Horrible year for Caster: Runner spent the year in court defending her rights

By Kgomotso Mokoena

Johannesburg – This is the year that South Africa’s running sensation Caster Semenya would like to forget.

Instead of spending a lot of her time exhibiting her God-given talents on the running track, the golden girl from Limpopo instead found herself more in the court rooms, fighting for her survival and for her right to participate in the sport that she loves.

The double Olympic 800-metre champion was ruled out of her favourite event last year after a rule change by World Athletics, formerly known as International Association of Athletics Federations, that said female athletes with high testosterone levels must take medication to lower it.

The ruling not only infuriated Semenya but South Africa as a whole and also gender activists throughout the world. Experts from World Athletics and some of Semenya’s competitors have said that female runners with higher levels of the hormone have an unfair advantage on the track.

Caster Semenya.

She lodged an appeal and the case was heard earlier this year. The SA government and high-profile lawyers supported and represented her in her quest to run in the Olympic Games.

“I am very disappointed by this ruling but refuse to let World Athletics drug me or stop me from being who I am”

“I am very disappointed by this ruling but refuse to let World Athletics drug me or stop me from being who I am,” Semenya was quoted in the media at the time as saying.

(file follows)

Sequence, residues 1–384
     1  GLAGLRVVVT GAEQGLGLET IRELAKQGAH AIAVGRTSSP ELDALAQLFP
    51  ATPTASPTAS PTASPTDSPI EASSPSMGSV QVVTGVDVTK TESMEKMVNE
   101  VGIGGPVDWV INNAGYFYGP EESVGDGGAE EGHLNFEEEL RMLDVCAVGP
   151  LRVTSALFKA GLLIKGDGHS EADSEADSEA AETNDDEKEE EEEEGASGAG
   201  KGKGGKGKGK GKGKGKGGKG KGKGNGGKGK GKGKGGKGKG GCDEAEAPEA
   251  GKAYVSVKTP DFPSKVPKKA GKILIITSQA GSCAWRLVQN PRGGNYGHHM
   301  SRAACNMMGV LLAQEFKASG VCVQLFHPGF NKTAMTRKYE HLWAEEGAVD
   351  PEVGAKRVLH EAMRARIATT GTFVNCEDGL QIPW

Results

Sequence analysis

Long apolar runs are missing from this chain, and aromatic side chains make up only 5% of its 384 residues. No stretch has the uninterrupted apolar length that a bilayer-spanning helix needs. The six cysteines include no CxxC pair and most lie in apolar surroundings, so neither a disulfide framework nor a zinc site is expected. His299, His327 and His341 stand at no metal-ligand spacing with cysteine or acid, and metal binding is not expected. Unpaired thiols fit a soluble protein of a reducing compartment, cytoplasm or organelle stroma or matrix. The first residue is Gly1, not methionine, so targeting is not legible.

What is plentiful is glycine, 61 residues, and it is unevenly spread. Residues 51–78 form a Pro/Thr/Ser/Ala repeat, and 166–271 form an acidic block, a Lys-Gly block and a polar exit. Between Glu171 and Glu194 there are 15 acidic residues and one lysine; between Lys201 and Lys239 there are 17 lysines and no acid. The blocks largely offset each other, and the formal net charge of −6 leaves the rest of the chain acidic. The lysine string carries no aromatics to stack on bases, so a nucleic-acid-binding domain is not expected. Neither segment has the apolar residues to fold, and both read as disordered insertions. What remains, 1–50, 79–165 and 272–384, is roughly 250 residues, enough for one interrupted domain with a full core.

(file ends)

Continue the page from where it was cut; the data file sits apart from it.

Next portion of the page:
“I know what is right and will do all I can to protect basic human rights, for young girls everywhere.

“Excluding female athletes or endangering our health solely because of our natural abilities puts World Athletics on the wrong side of history.”

Three months ago, in September, she lost her appeal in the Switzerland’s Federal Supreme Court and she is not allowed to compete in events between 400m and 800m without taking those testosterone-reducing drugs.

The Swiss Supreme Court said: “Fairness in sport is a legitimate concern and forms a central principle of sporting competition. It is one of the pillars on which competition is based.”

Semenya is now “considering all of her options, internationally and domestically”, and has already indicated that she would focus on the shorter 200-metres sprint event, which falls outside of the regulations, at the Tokyo Olympics.

She has vowed that she will not give up until she is given her right to defend her crown in Tokyo.

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